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Also known as nocturnal urinary incontinence or nighttime wetting, nighttime incontinence is the involuntary release of urine while the individual is sleeping. Many children experience this condition between the ages of five and ten, but usually outgrow the bedwetting as their bodies continue to develop. In situations where the incontinence continues into later childhood or recurs during the adult years, physicians often look for certain physical and emotional factors that point to the origin of the health problem.
There are several possible reasons for nighttime incontinence. In children, there is the possibility that the body is developing at a slower pace. When this is the case, the growth of the bladder may not be progressing at a normal rate. As a result, the child with a smaller bladder may experience a more frequent need to urinate, often with very little control of the bodily function.
Sleep apnea can also serve as a trigger for nighttime incontinence in both children and adults. The interruption of a normal breathing pattern during sleep may cause the body to experience some distress, triggering the bladder to release any stored urine. There is also some evidence that genetics may play a role, suggesting that if one or both parents experienced bedwetting as children, their offspring are more likely to repeat the pattern.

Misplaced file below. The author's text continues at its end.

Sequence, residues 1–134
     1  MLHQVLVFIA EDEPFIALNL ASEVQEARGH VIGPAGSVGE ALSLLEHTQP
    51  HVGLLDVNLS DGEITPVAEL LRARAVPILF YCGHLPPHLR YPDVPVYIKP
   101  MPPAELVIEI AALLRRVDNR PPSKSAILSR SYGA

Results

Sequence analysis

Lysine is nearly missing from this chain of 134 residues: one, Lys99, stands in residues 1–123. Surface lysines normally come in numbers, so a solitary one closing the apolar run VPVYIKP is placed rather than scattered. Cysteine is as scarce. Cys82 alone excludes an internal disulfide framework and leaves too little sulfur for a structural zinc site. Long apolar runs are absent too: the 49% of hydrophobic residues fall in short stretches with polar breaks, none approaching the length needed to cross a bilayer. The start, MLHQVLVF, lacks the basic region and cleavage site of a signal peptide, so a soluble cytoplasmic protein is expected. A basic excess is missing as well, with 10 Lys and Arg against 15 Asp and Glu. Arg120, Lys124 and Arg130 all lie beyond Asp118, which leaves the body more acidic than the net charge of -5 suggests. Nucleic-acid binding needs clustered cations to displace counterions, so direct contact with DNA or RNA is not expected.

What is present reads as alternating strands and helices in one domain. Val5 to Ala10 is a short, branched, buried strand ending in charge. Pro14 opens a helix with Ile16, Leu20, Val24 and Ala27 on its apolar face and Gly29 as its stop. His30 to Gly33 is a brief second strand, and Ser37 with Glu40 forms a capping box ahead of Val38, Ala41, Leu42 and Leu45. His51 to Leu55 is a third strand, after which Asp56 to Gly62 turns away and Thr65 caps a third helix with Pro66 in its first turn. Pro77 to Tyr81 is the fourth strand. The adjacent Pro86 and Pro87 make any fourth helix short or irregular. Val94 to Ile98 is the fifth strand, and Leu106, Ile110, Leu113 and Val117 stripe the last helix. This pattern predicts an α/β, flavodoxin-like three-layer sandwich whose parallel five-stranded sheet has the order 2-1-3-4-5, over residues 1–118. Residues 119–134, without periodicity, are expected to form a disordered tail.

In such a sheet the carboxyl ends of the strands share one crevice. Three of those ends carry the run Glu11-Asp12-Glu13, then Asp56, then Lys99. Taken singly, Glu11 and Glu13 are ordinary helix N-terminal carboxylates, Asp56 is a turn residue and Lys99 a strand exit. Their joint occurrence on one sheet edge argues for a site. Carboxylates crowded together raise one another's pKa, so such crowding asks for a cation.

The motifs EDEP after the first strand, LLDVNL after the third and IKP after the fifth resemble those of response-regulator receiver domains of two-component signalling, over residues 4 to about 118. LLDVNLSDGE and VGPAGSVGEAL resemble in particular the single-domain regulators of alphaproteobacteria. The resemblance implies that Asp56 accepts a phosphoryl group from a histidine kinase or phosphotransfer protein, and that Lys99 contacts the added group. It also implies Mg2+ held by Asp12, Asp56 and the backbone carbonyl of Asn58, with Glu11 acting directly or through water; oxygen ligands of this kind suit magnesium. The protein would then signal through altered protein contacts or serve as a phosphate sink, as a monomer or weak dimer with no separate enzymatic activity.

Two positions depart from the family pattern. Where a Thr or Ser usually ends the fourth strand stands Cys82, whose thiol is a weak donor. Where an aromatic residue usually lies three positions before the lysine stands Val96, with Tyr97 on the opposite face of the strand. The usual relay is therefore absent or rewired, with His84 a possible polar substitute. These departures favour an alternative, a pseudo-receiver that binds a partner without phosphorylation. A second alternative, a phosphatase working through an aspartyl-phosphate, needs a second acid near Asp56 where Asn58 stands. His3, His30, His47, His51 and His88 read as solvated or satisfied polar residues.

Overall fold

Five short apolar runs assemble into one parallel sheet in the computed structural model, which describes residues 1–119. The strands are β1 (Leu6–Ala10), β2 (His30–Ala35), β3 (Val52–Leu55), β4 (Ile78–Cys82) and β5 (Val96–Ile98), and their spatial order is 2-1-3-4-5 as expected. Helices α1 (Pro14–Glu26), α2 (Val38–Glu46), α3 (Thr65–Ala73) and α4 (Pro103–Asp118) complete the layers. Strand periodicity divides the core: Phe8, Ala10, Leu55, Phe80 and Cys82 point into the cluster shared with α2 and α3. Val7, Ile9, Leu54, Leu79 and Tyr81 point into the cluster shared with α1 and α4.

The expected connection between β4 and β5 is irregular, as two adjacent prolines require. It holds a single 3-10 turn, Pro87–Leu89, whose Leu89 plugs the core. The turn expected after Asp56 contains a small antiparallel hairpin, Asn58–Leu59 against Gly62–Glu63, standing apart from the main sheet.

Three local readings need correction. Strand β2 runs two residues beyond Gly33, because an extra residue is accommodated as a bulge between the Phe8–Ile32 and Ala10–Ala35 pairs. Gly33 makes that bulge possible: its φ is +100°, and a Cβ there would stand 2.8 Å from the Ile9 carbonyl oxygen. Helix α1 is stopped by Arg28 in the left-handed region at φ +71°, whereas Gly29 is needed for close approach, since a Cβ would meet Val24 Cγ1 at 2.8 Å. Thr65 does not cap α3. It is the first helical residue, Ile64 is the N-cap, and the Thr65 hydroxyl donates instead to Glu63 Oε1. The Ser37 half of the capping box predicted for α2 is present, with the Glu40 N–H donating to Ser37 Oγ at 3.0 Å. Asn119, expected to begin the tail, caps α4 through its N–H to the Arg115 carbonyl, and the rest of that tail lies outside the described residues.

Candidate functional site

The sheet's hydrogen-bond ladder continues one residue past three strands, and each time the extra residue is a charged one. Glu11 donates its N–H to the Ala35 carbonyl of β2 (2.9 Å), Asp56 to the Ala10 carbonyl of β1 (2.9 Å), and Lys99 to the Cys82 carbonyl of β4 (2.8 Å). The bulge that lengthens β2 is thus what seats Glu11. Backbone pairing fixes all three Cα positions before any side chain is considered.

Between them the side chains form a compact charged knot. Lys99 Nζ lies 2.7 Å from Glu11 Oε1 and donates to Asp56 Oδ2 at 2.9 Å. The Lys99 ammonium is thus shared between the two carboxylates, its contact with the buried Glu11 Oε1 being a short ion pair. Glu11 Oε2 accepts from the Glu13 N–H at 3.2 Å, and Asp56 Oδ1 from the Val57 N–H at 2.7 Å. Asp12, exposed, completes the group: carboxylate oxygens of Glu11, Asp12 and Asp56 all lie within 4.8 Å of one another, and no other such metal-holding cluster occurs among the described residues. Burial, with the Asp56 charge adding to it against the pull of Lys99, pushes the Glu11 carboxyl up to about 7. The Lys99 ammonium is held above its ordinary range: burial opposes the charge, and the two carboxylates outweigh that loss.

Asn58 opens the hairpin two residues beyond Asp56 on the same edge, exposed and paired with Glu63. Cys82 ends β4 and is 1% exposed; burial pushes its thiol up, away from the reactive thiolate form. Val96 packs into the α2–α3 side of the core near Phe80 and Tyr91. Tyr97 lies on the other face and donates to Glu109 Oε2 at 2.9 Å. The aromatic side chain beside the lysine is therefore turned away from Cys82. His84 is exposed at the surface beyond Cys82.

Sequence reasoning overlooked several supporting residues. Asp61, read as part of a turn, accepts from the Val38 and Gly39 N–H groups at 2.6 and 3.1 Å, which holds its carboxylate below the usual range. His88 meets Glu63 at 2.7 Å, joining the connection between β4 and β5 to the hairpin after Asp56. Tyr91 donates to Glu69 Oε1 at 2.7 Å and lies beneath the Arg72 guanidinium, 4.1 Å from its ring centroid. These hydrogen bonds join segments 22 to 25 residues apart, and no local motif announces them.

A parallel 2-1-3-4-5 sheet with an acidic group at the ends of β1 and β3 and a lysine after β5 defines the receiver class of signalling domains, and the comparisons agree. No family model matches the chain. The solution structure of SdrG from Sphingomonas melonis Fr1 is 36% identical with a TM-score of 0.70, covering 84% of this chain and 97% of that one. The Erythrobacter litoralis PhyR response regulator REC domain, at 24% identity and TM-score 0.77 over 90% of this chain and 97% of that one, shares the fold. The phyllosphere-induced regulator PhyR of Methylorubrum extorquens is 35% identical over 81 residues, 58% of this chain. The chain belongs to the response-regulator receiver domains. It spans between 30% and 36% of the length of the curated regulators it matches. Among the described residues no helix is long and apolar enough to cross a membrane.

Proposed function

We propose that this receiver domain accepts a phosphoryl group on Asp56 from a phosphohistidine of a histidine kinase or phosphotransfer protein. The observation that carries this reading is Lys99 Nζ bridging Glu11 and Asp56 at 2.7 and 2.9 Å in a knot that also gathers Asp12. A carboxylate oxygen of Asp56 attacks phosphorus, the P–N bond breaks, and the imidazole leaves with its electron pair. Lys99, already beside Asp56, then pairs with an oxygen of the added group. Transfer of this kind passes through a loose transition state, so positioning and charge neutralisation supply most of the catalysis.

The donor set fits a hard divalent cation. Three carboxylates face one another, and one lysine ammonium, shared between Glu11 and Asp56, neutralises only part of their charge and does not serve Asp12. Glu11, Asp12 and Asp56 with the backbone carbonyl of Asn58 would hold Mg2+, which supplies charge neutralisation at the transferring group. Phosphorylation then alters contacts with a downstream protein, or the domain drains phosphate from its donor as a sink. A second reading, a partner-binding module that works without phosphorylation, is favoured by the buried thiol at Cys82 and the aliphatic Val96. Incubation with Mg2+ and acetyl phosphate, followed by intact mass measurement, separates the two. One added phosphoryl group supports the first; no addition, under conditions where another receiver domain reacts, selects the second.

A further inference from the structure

Anxiety is also a possible cause for nighttime incontinence. The anxiety may take the form of preoccupation with a difficult situation at school or work that interferes with the normal sleep cycle and thus sets the stage for the bedwetting. In advanced cases, the individual may develop a full-blown anxiety disorder. Should a panic attack occur during sleep, the body’s reaction to the emotional anxiety may be to prompt the bladder to empty.
Fortunately, there are some treatments for nighttime incontinence that can help control the condition, or even eliminate the bedwetting altogether. Limiting the consumption of liquids for several hours before bedtime can be helpful in situations where the bladder or the urinary system is either developing at a slower pace or has been temporarily compromised due to an accident. There are also medications that may help minimize or even prevent involuntary urination at night. In situations where worry and anxiety is the root cause of the bedwetting, finding ways to neutralize the underlying reasons for the anxiety will often result in a cessation of nighttime incontinence, and allow the sufferer to sleep soundly through the night with no release of urine.